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- Table of Contents -

Introduction to the online version

Chapter 1 – The Commission and Its Recommendations

Chapter 2 – The Establishment, Mandate, and Activities of the Commission

Chapter 3 – Computers and Copyright

Chapter 4 – Machine Reproduction – Photocopying

- Recommendations of the Commission

- Recommendation for Amending One Area of the 1976 Copyright Act

- Recommendations Concerning the Five-Year Review of Photocopying Practices

- Recommendations to Publishers

- Recommendations to Government Agencies

- Provisions of the 1976 Copyright Act Affecting Photocopying

- CONTU Guidelines on Photocopying under Interlibrary Loan Arrangements

- Volume of Library Photocopying in 1976

- Means of Obtaining Permission to Make Photocopies or to Obtain Authorized Copies under the 1976 Copyright Act

- Interrelated Economics of Publishing and Libraries and the Impact of Copying Fees

- Legislation and Systems Relating to Photocopying in Other Countries

- Recommendations of Interested Organizations

- Effects of Future Technological Change

Chapter 5 – Summary

Appendix A – Summary of the Legislative History of Computer-Related Issues and the Photocopy Issue

Appendix B – Public Law 93-573 and Public Law 95-146

Appendix C – Commissioners

Appendix D – Staff

Appendix E – Lists of Witnesses

Appendix F – Alphabetical Listing of Persons Appearing before the Commission

Appendix G – Transcripts of Commission Meetings

Appendix H – Summaries of Commission-Sponsored Studies

Appendix I – Bibliography

Appendix J – Selected Provisions of the Copyright Act of 1976 and Copyright Office Regulations

Full table of contents

PDF version of the report

Picture of commissioners and staff

Final Report of the National Commission on New Technology Uses of Copyrighted Works

Chapter 4 – Machine Reproduction – Photocopying

Recommendations to Publishers

Publishers, especially publishers of journals, in cooperation with the library community, the Copyright Office, and the Library of Congress, should exert every effort to facilitate the deter­mination of the copyright status of both current and older issues of their publications. A large portion of periodical issues copyrighted under the provisions of the 1909 Act have not been renewed and are in the public domain. In addi­tion, the Fry/White/Johnson study undertaken for the Commission showed that publishers of many scholarly journals are willing to permit libraries – especially nonprofit libraries - to photocopy beyond the limits established by sections 107 and 108 of the 1976 Act.209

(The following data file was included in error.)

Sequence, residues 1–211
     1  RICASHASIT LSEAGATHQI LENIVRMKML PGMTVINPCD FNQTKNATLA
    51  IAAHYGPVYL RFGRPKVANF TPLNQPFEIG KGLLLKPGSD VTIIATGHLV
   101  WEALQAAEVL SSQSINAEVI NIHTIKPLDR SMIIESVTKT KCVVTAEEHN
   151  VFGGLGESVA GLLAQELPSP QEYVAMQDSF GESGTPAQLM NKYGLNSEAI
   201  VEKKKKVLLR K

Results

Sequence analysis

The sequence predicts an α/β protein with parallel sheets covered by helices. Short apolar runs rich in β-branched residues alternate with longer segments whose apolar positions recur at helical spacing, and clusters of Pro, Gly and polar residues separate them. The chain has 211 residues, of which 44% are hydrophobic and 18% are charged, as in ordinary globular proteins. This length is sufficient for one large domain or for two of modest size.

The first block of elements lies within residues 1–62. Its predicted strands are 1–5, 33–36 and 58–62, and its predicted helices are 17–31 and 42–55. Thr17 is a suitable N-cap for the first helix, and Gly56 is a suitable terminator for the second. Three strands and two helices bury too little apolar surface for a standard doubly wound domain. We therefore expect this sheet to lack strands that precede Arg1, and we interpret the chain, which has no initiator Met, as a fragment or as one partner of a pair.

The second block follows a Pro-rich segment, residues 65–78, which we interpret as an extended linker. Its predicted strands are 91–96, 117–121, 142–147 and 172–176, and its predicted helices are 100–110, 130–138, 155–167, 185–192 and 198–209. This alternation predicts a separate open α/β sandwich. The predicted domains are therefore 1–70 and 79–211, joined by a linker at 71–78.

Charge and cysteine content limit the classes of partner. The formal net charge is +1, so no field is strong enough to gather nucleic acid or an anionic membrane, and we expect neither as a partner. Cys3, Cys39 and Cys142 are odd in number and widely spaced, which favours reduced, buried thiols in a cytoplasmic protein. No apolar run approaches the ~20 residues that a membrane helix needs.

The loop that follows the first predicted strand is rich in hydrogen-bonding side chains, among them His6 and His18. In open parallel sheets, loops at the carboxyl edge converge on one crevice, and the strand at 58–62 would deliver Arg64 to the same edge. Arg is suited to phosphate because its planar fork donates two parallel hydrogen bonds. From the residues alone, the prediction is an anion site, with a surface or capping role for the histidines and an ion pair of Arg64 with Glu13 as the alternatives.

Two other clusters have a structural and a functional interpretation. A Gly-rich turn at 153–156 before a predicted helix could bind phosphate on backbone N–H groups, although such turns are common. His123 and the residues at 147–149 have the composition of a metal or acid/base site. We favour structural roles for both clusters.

Publishers might inform the public of the copyright status of journal issues in several ways. Journal publishers could display prominently the copyright notice if they wish to protect their copyright and could include information in their current issues concerning the copyright status of back issues. Whether or not published with a copyright notice, every journal issue could carry a statement of policy with respect to copying. For example, several of the journals published by the American Library Association carry the following statement:

All material in this journal subject to copyright by the American Library Association may be photocopied for the noncommercial purpose of scientific or educational advancement.

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It would be helpful if the Register of Copy­rights and the National Commission on Libraries and Information Science (NCLIS) would bring together representatives of journal publishers, authors, and library organizations to work out various forms of standard language providing the type of information suggested.

Every issue of a journal could display promi­nently a statement of participation (or non-participation) in copying clearance arrange­ments, such as the Copyright Clearance Center, Inc. (CCC), and could, in addition, indicate where and at what cost copies of articles or back issues may be obtained. If the publisher permits copying beyond that allowed by the 1976 Act, the publisher should so include that information in the statement.

Each issue of a journal should contain the International Standard Serial Number (ISSN) assigned by the Serial Records Division of the Library of Congress. This inclusion would fa­cilitate the determination of the copyright status of periodical articles by computerized on-line systems.210 Users of copyrighted works will also benefit if organizations that authorize copying for a stated fee, such as CCC, include in their catalogs information on the copyright status of older issues similar to that suggested for incorporation in each journal issue, and informa­tion concerning where and at what cost author­ized copies may be obtained.211

Next section: Recommendations to Government Agencies

209 See note 231.

210 The Copyright Office registration form TX for periodical issues published after December 31, 1977, includes a place for the insertion of the International Standard Serial Number (ISSN). The U.S. Postal Service and the Library of Congress have agreed as a general rule to have the ISSN printed in each issue of second-class publications instead of the separate and different identification number now used by the Postal Service. 43Fed. Reg. 29943.

211 The chairman of the Copyright Clearance Cen­ter, in a letter dated April 14, 1978, informed the Commission that the center intended to “request publishers for information on the copyright status of older journals, and include information received in catalogues to be published in the future.”